“Well, if I ever struck anything like it, I’m a nigger. It was enough to make a body ashamed of the human race.” (From Huckleberry Finn, by Mark Twain)
It’s impossible for those outside the US to understand just how loaded the “n-word” is, and how much weight it carries. It may be the one word in the English language that has become truly unsayable; what was an uncomfortable pejorative at the turn of the 19th century is now the last (and perhaps the only) truly taboo word in the American lexicon.
For teachers and parents, the use of the n-word in one particular American classic has caused intense debate and anguish: Mark Twain used the word 219 times in Huckleberry Finn, each casual, offhand instance a reminder of how deep prejudice ran in the Old South.
So when Dr Alan Gribben, a Twain scholar, released a new edition of Tom Sawyer and Huckleberry Finn, he knew he would cause controversy with his decision to bowdlerize Twain’s works. “Far more controversial than this reuniting of Twain’s boy books will be the editor’s decision to eliminate two racial slurs that have increasingly formed a barrier to these works for teachers, students, and general readers,” he writes in his Introduction to the NewSouth edition. The other excised word is “Injun”; in Gribben’s edition, the n-word is replaced by the word “slave”, and “Injun” by “Indian”.
Gribben’s reasons are solidly practical, and are similar to the reasons why Charles Lamb, several centuries previous, cleaned up Shakespeare’s plays and rendered them into sanitized prose so that they would reach a wider audience. And Gribben explains, “The n-word possessed, then as now, demeaning implications more vile than almost any insult that can be applied to other racial groups. There is no equivalent slur in the English language. As a result, with every passing decade this affront appears to gain rather than lose its impact.” His aim, by editing Twain, is to return the books to school syllabi and to readers who might be made so uncomfortable seeing taboo words in print that they would rather not read these two classic American novels at all.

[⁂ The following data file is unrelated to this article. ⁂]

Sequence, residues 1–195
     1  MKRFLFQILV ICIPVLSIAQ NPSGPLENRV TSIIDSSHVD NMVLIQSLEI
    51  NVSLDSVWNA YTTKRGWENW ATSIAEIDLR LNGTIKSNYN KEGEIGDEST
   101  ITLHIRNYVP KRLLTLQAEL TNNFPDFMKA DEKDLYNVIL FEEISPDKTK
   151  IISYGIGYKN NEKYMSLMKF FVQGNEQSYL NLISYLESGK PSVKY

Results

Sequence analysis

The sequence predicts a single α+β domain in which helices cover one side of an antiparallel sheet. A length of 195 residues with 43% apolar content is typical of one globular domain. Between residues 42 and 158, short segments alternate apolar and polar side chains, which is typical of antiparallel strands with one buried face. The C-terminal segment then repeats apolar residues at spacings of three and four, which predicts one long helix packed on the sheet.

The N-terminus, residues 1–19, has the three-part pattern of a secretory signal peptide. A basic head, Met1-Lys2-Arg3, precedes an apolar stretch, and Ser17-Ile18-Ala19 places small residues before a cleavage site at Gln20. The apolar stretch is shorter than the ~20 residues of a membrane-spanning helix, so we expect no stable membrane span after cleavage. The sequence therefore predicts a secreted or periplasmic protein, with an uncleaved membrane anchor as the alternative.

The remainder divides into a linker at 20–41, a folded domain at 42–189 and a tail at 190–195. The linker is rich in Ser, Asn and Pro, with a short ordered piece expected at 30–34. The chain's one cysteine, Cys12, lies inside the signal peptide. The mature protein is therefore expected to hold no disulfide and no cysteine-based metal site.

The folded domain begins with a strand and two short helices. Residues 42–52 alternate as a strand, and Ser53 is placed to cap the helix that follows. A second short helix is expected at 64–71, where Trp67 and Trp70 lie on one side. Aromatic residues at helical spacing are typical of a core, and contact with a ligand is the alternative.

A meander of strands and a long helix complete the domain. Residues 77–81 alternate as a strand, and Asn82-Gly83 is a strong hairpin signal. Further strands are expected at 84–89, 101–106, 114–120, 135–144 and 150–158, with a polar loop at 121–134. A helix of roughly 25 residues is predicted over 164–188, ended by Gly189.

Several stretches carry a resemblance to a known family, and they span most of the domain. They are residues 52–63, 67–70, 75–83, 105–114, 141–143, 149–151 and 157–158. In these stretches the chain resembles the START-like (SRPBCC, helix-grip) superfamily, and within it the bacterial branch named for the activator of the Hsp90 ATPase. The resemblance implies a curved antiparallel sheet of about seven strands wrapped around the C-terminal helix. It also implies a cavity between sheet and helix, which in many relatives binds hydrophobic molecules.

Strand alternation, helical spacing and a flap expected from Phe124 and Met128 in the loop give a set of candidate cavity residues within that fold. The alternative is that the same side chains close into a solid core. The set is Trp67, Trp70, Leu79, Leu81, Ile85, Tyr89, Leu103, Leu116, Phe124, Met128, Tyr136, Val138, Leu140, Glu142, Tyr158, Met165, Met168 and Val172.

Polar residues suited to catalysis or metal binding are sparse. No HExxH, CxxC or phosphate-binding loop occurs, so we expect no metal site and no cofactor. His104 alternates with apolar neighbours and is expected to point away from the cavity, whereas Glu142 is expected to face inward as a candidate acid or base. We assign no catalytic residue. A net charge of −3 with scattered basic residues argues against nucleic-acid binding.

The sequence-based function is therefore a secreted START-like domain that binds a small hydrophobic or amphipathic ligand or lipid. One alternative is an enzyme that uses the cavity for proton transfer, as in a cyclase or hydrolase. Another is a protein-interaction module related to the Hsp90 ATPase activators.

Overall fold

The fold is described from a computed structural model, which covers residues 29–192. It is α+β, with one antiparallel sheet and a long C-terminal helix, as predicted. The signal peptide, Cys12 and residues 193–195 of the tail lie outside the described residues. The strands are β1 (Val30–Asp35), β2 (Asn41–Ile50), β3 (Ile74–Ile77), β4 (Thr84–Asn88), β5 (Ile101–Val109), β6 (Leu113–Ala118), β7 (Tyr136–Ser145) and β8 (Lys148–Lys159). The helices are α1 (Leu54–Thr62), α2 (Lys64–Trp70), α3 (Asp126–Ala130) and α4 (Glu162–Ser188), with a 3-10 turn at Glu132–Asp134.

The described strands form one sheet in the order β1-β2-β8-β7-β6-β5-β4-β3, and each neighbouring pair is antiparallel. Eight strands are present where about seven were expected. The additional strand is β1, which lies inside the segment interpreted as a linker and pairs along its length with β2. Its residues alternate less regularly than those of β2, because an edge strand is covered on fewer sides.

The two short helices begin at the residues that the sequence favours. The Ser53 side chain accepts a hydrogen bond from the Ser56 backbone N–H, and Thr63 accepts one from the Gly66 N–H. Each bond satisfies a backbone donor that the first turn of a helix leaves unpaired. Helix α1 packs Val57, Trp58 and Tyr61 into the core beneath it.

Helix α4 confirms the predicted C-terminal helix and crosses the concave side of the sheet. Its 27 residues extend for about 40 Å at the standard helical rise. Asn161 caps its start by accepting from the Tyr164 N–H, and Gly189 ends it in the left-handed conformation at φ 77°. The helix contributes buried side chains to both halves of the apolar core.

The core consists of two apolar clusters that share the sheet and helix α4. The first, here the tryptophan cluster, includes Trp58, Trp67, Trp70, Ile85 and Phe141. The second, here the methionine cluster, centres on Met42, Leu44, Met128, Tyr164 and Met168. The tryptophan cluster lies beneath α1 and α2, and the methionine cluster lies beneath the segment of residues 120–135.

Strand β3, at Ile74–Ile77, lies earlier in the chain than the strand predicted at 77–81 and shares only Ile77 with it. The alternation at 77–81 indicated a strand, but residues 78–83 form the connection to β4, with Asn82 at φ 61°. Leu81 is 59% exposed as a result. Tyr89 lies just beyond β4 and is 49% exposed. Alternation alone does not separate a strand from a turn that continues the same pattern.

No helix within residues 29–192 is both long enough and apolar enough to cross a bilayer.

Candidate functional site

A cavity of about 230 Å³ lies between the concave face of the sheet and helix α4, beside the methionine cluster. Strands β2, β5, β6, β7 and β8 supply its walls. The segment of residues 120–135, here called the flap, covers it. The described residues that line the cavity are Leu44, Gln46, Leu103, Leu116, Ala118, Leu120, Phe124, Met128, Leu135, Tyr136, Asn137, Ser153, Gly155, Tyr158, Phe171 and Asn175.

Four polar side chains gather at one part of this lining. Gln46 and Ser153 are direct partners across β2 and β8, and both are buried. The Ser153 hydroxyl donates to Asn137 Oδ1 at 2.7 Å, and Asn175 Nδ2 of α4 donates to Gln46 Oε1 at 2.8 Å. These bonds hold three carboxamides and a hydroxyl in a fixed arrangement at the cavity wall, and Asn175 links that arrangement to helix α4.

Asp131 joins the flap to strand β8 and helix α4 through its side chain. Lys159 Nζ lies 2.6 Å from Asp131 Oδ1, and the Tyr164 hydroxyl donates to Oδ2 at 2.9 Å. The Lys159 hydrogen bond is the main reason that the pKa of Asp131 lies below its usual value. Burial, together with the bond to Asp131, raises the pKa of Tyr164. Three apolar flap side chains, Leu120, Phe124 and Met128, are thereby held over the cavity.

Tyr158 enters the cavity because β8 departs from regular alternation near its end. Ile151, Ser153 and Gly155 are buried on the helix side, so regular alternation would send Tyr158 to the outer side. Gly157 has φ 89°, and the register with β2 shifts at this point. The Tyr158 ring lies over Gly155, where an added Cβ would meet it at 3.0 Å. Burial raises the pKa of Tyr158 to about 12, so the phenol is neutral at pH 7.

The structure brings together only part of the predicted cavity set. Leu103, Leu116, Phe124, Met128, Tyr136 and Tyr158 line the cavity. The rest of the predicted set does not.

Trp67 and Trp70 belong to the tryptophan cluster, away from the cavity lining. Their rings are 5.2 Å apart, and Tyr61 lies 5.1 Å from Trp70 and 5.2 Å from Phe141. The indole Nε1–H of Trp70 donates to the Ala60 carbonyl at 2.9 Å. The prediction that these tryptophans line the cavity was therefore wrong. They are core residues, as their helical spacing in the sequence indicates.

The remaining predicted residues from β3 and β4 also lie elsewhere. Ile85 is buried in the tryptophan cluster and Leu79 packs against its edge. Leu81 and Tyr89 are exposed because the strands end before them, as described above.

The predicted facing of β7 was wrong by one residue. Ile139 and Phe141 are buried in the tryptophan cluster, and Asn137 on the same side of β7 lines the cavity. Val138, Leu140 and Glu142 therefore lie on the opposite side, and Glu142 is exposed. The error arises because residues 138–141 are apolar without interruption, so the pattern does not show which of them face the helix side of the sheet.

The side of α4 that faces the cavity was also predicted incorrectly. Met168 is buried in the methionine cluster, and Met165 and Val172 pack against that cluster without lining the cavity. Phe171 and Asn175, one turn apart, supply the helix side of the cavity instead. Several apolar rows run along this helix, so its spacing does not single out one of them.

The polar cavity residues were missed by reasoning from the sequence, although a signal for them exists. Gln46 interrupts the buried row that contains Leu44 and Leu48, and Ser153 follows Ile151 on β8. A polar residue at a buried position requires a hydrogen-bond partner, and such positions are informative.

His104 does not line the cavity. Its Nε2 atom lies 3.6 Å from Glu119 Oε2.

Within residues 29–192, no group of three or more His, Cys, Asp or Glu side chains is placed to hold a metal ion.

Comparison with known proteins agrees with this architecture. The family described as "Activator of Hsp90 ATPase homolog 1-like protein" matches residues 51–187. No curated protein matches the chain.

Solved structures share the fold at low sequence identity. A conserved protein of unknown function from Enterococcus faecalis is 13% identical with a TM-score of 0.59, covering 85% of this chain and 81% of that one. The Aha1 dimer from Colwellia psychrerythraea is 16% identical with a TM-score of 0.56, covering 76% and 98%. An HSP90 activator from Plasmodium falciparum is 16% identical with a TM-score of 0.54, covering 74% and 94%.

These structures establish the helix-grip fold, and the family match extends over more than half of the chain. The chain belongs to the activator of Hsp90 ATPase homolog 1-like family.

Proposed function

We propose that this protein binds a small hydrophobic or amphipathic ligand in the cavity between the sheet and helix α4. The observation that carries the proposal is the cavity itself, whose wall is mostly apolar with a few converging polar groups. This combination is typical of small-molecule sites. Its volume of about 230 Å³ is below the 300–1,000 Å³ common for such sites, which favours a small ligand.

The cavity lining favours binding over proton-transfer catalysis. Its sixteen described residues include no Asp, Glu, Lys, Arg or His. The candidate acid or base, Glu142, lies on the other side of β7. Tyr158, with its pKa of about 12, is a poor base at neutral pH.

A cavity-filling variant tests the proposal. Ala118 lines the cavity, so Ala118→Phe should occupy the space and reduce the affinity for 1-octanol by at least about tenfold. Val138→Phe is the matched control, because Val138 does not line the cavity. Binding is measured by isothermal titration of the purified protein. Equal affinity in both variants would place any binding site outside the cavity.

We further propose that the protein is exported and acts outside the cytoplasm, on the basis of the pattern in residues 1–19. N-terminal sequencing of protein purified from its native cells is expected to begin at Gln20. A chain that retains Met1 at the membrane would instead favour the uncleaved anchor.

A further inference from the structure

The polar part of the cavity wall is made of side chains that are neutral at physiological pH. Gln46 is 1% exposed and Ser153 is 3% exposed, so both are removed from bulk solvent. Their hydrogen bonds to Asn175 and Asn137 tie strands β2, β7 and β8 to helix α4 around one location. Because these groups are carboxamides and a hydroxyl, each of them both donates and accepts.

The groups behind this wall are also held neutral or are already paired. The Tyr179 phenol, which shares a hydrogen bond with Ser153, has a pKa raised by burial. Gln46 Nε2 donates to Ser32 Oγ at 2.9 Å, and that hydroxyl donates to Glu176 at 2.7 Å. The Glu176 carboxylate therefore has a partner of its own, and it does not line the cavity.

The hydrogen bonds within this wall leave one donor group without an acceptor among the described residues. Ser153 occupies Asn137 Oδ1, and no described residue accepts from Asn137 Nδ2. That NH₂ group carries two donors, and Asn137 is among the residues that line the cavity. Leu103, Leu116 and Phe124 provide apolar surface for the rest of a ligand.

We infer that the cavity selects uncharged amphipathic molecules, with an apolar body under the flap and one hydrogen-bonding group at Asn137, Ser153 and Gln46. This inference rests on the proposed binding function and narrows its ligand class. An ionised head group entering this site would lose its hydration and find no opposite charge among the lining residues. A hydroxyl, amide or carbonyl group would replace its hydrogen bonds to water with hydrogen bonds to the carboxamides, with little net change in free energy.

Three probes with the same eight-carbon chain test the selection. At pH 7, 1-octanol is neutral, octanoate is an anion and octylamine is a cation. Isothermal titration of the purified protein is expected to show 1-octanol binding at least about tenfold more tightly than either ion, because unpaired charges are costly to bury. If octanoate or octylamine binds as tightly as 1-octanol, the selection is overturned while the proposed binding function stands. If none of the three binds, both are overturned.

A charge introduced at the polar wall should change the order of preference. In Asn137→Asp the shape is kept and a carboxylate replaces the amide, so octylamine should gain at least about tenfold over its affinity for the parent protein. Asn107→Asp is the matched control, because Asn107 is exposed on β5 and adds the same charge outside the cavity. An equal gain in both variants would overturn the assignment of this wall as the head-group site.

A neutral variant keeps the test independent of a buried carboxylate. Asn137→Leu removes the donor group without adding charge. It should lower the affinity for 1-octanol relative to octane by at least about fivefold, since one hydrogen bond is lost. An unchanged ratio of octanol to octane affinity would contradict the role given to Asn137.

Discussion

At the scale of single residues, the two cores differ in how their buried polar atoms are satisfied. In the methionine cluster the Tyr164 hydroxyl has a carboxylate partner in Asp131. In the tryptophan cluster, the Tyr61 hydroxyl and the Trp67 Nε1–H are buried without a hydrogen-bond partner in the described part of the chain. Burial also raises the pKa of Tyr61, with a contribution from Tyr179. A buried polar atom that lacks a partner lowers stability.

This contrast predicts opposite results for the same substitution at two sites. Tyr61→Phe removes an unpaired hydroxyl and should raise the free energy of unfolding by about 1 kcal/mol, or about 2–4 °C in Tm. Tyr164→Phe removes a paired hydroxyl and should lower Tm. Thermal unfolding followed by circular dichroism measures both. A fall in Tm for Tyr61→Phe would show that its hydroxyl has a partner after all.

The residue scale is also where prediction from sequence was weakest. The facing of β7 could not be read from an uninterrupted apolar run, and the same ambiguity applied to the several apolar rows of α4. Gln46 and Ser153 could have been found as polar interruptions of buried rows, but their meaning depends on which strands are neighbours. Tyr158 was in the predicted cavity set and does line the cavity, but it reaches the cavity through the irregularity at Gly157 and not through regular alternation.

The problem is not with Gribben’s reasoning, but with the general principle—and with the precedent he might set. In the subcontinent, we are perhaps more aware of the dangers of sanitizing the past than readers in America might be. By excising the n-word and softening the “Injun” word, Gribben is making the classics more accessible—but at a significant cost. In order to ensure the comfort of a set of readers, he is in danger of eroding the historical past; of creating a cozy set of books where the full impact of racism as it operated in Twain’s times is lost.
Back in the day, when Amar Chitra Katha released its series of the Indian classics in comic book form, it set up an interesting contradiction. The comic books allowed far more readers to access Indian history, literature and mythology; but Amar Chitra Katha freely bowdlerized their versions, and added in their own biases. The skin colour of characters was a glaring, tell-tale sign: rakshasas and demons were dark, gods and goddesses fair, reinforcing one of the uglier Indian prejudices.
With abridged editions, some readers are led back to the originals at a later stage. I remember my shock, after reading the sanitized, children’s version of Gulliver’s Travels, at discovering the full breadth and scatological vitriol of Jonathan Swift’s satire. The abridged version of the Travels and the original were so far apart, as with Lamb’s version of Shakespeare’s tales, that they might have been written by two completely different authors. The original was always accessible; but how many readers will bother to access the original?
Here’s what Gribben, and his defenders, are missing in the course of the Twain debate. Discomfort, even acute discomfort, is not a reaction that readers should be protected against; literature that makes you flinch, or that might even seem repellent, is almost always literature that makes you re-examine your own entrenched prejudices. And as many supporters of the unexpurgated Twain editions have pointed out, the abridged version can rapidly replace the original, leaving only the most academic of scholars with a faint trace memory of the power of the original to offend.
And here’s a final argument against sanitizing Twain. It took about three decades in the US, and almost seven in the UK, for the n-word to acquire its present status as the ultimate unspeakable epithet. All of us, including Gribben, are very much the prisoners of the prejudices of our time. There’s a difference between speaking out against the use of an offensive word or term, and in releasing an edition that changes the writer’s intent. Gribben is cleaning up Twain in deference to the sensibilities of readers of this decade; but in another five decades, those sensibilities may have changed. Make your protest as an editor and reader in the appendices and forewords; but don’t tamper with the text.